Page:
British Monarchy ‘built on the backs' of slaves: Is The View host right to say during Queen's Platinum Jubilee?

Paul Grover / AP

Fact Box

  • Queen Elizabeth was born April 21, 1926, and was crowned on June 2, 1953. She remains the longest-reigning monarch in British history. The Queen’s Platinum Jubilee was celebrated on the first weekend in June 2022 to mark her 70-year reign. 
  • As British monarch, Queen Elizabeth is Head of the Anglican Church, as well as Head of the Commonwealth, “an association of 54 independent countries, most of which were once colonies or outposts of the British Empire.”
  • On June 3, 2022, The View co-host Sunny Hostin expressed her disapproval of the Queen’s Platinum Jubilee because of recent research into “imperialism and colonization” noting, “Now I’m not as enamored of the pomp and circumstance, because it was built on the backs and the souls of slaves.”
  • British National Archives estimates that Britain transported 3.1 million Africans to the British colonies in the Caribbean, North and South American and to other countries. Slave trades were restricted to three major port cities in 1799: London. Bristol, and Liverpool.

Elisa (No)

The View hosts have made recent comments about the Queen's Platinum Jubilee that were confusing and hypocritical. The hosts, including Whoopi Goldberg, Joy Behar, and Sunny Hostin have been criticized for making offensive and inaccurate statements in the past, even leading to suspension. In other words, The View hosts have often been slammed for hypocrisy on certain issues, seeming to believe what is politically convenient at the time.  

Their criticisms of imperialism are hypocritical, especially when they make an absurd amount of money, which would not be possible without the history of imperialism in the United States. Goldberg's comments are rather confusing and contradictory, where she criticizes the Jubilee event for its 'pomp and circumstance' without reflecting on her own elitism and moral hypocrisy. Ultimately, society's collective emotive response to British colonialism and imperialism has been weaponized by political actors who should not be speaking about politics in the first place. 

The truth is that the British system of colonial rule brought many benefits to its subject nations, such as a more fair law, greater equality under the law, and a stronger economic system. As understood through the Magna Carta, the English rule of law evolved into what we know as the American rule of law today, upheld through the Constitution. All first-world countries are characterized by imperialism on some level, so while we cannot change the past, we can focus on improving the times we are in and embrace patriotism in order to preserve and protect our nations. After all, these morally-pontificating TV hosts would not be where they are today without that same history of imperialism that undergirds the society atop which they now sit. Instead of harping on the past, they should practice experiencing gratitude for the present.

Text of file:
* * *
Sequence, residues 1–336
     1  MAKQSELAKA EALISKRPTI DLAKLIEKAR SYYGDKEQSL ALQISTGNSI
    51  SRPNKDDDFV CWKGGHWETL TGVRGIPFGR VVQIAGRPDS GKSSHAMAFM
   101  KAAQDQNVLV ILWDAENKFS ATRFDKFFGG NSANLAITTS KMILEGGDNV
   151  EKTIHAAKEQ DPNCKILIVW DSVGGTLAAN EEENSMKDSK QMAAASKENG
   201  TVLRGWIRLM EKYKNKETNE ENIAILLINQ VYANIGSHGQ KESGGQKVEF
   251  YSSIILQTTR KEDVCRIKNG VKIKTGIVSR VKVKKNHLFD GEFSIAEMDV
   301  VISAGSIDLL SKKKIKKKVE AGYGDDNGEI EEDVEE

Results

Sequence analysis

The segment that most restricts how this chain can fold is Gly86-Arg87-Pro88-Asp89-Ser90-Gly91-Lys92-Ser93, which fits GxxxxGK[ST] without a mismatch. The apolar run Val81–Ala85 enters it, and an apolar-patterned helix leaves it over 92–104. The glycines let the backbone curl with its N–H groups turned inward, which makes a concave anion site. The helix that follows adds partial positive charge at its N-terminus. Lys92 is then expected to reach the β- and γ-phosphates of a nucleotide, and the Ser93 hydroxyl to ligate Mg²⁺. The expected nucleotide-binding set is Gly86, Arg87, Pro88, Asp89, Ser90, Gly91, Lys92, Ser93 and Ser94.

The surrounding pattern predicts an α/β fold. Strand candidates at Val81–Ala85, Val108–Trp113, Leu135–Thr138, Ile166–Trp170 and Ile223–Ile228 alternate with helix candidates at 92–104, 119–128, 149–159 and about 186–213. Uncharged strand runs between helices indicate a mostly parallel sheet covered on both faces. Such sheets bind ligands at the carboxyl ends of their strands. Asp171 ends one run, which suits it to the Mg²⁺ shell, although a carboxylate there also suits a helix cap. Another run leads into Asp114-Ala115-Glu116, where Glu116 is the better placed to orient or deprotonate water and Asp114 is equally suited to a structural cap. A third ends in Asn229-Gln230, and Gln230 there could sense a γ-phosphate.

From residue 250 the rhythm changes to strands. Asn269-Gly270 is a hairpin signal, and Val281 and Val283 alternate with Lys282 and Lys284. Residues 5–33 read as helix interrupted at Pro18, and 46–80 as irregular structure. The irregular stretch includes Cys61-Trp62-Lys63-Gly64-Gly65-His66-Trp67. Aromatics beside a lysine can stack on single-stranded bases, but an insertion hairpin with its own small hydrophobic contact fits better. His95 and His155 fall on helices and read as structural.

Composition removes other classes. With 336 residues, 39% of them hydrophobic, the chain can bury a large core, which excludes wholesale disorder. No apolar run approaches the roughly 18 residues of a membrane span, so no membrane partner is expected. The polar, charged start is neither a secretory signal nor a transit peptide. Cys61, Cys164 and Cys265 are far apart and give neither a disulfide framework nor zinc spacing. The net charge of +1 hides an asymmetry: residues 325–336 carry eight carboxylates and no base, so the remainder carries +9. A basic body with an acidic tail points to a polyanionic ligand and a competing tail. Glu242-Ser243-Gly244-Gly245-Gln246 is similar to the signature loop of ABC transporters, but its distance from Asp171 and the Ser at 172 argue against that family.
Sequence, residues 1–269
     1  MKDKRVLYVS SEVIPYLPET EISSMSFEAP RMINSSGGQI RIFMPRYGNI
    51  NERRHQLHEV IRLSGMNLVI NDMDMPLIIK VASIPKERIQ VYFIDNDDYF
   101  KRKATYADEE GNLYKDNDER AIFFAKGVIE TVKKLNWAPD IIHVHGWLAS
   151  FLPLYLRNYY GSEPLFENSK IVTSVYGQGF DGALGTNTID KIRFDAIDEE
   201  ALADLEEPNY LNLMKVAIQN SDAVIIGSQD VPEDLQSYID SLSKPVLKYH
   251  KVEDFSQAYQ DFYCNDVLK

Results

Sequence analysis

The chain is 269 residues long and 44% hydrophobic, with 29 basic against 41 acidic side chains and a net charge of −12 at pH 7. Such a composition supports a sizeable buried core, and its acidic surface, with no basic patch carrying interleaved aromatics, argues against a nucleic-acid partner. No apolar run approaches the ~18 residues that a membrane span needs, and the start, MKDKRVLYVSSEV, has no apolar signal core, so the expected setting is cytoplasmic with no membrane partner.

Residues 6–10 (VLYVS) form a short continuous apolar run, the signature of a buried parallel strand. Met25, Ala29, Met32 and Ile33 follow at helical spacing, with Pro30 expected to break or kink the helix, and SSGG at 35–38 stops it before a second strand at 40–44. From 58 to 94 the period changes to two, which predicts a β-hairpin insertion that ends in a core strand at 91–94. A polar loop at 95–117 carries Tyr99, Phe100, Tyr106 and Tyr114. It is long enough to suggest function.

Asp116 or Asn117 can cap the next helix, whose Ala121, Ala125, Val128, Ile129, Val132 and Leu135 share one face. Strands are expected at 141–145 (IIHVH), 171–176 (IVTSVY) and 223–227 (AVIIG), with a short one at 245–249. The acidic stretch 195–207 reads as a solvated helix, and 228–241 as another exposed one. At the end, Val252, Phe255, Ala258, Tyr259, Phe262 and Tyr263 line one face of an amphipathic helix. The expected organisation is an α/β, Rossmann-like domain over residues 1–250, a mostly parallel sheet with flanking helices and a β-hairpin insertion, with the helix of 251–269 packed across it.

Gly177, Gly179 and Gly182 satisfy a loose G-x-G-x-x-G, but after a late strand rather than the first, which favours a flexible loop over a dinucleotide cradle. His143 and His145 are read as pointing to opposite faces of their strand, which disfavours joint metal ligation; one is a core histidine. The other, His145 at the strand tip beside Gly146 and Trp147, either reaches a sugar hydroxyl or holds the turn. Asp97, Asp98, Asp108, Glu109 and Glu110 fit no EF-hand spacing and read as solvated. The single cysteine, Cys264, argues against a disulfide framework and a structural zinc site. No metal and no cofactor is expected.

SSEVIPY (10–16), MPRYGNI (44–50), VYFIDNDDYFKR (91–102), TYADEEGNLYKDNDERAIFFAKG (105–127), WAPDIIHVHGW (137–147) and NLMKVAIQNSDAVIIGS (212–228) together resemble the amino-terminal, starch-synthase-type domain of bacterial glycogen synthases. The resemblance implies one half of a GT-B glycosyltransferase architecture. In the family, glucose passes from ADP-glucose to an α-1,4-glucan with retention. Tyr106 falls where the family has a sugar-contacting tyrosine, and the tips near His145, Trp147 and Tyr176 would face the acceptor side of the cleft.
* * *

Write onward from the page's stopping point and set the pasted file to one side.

Siam (Yes)

As historians research the British Empire, it becomes apparent that not everything was above board. There is no doubt the British explored the different continents with noble reasons in mind. But facts reveal that the British Empire created havoc and destruction in almost every colony they landed. From India, Palestine, Ceylon, Yemen, the Caribbean islands, and many African nations, the Empire went on to loot these nations of their national treasures. And there is good evidence that the British Empire was responsible for untold atrocities in Africa and India. Wherever the British went, they expropriated land and natural resources and enriched themselves at no expense. 

To make matters worse, when the natives disagreed with the British rule, they were summarily executed. In India alone, millions died as a result of British policies. Indian economist Utsa Patnaik estimates that in India alone, the British robbed the nation of $45 trillion between 1765 and 1938. 

And the British enslaved populations and shipped millions of individuals across the oceans to be sold as slaves. Of course, later on, it led the way to abolish the slave trade—but the damage was done. When the British did remain in the colonies, they took away land and forced the previous owners to work for subsistence wages forcing them into poverty.

The carnage caused by the British Empire is only just beginning to appear. As the British crossed the different oceans, they spread their techniques of repression far and wide. And although the British did bring economic development, it was temporary and only to suit their own interest. With that in mind, the pomp and prestige of the British Royalties is not a cause for celebration.

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